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Commentary

Rabbi Sets the Record Straight After BuzzFeed Blames Ben Shapiro for Synagogue Vandalism

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If you’re going to make a wild claim about a conservative commentator, it would help to know a few fundamental things about him first.

That advice should go for anyone, but is especially true for media outlets that want to be taken seriously. It’s safe to say that BuzzFeed wants to be taken seriously, but its latest attempt at hard-hitting journalism just showed, once again, why it should stick to vapid click-bait.

On Monday, BuzzFeed News published a tweet and an accompanying article about a 21-year-old Indiana man who pleaded guilty to vandalizing a Jewish synagogue.

That part was factual enough: Nolan Brewer will face time in prison after he painted swastikas and other Nazi imagery onto Congregation Shaarey Tefilla, a place of worship in Carmel, Indiana.

But then things went a bit off the rails. With seemingly no consideration of what they were writing, BuzzFeed pushed a claim that the anti-Semitic vandalism had been partially inspired by a very odd source: Ben Shapiro.

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“A man who vandalized a synagogue with Nazi symbols told federal agents his road to radicalization included meeting with the far-right group Identity Evropa and reading Ben Shapiro,” BuzzFeed News tweeted.

Here’s the problem: Conservative author and commentator Shapiro is an Orthodox Jew. He proudly wears a kippah — a traditional head covering — even on national television, and his Jewish faith is a big part of his political views. Suffice it to say, he’s the opposite of an anti-Semite.

Twitter users unloaded on BuzzFeed for their irresponsibility in pushing the claim that Shapiro was some sort of Nazi propaganda source, a ridiculous notion by any standard.

“Yes that sounds right, Jewish [Ben Shapiro] influenced a random person to become a neo-Nazi and vandalize a Synagogue. We totally believe you. Totally,” mocked Imam Mohamad Tawhidi, a moderate and pro-peace Muslim leader.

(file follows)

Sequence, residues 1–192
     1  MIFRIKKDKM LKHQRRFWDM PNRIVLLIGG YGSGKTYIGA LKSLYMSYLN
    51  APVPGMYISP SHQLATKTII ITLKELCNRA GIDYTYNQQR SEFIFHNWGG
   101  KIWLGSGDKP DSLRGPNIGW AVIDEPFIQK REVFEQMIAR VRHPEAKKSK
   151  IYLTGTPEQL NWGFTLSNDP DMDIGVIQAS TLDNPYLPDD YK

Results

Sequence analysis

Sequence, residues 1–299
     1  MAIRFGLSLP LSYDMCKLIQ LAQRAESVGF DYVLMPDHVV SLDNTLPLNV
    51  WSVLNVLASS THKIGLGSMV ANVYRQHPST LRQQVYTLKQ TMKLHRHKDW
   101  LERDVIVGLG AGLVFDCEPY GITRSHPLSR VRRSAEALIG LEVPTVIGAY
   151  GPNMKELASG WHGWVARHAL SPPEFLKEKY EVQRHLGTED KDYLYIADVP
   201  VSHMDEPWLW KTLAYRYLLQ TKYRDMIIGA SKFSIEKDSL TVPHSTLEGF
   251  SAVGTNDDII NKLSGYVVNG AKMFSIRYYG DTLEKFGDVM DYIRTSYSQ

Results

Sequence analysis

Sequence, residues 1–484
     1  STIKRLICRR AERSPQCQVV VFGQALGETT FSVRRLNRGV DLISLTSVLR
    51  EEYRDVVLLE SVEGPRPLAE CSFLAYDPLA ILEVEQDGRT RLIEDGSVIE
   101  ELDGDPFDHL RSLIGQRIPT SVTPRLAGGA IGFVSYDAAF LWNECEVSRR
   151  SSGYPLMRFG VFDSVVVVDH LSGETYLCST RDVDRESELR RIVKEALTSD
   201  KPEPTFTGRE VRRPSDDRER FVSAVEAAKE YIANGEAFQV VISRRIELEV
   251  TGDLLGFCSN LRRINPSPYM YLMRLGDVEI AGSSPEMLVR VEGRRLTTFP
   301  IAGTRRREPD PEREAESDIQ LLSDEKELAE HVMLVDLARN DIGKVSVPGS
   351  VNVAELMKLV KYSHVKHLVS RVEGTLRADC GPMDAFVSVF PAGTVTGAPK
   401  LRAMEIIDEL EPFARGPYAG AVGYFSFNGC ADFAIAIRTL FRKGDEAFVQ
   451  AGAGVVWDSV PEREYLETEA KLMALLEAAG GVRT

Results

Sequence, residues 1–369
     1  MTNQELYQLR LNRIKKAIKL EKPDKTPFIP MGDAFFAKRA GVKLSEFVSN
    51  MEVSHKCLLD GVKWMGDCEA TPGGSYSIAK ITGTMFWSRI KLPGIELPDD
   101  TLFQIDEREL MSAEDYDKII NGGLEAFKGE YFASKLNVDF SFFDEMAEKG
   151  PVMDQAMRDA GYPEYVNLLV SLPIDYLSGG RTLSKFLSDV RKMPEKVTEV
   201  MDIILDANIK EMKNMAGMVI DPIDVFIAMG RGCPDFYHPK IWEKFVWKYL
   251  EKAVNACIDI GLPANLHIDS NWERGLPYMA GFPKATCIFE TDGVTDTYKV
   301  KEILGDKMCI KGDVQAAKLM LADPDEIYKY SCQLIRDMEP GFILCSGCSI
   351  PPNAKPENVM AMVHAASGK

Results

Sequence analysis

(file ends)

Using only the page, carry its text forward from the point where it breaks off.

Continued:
“[I]f reading [Ben Shapiro] turns you into a Nazi, I think you’re reading Ben Shapiro wrong,” National Review’s Jonah Goldberg added.

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They weren’t alone in mocking BuzzFeed for pushing that angle. On Tuesday, a rabbi from the very same Indiana synagogue that was vandalized defended Shapiro and called out the frequently left-leaning news source for their article.



“Linking Ben Shapiro to an act of anti-Semitism is laughable,” Rabbi Ben Sendrow of Congregation Shaarey Tefilla told talk radio host Tony Katz.

“The only way that you can connect Ben Shapiro to anti-Semitism is if you decide you hate Ben Shapiro, and Ben Shapiro is a Jew, and then you extrapolate ‘therefore I hate Jews.'”

The rabbi didn’t stop there. Clearly calling out BuzzFeed for reckless journalism, the rabbi pointed out that Shapiro had nothing to do with the case and seemed to be purposely dragged into the issue for political reasons.

“We sat through a five hour sentencing hearing here. Ben Shapiro’s name was never mentioned,” Rabbi Sendrow said. “In fact, the attempt was, by the defense attorney … to paint [the anti-Semitic vandal] as a totally decent person who had been radicalized by his wife.”

BuzzFeed did issue a retraction of sorts on Monday, but even their “correction” still tied Shapiro to the anti-Semitic vandal, apparently based on nothing but the word of the neo-Nazi suspect or his lawyer.

The possibility that a defendant might want to try to shift blame away from himself or seek attention never seemed to cross the minds of the BuzzFeed editors.

“A reminder that a white supremacist neo-Nazi trying to get a lesser sentence might lie about how he was radicalized, as white supremacist neo-Nazis are prone to do,” Jane Coaston of Vox pointed out.

When even Vox is calling out BuzzFeed, there’s a good chance they’ve gone too far. It would be nice if the popular site issued a real correction and apologized to Shapiro, but we won’t hold our breath.

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Benjamin Arie is an independent journalist and writer. He has personally covered everything ranging from local crime to the U.S. president as a reporter in Michigan before focusing on national politics. Ben frequently travels to Latin America and has spent years living in Mexico.




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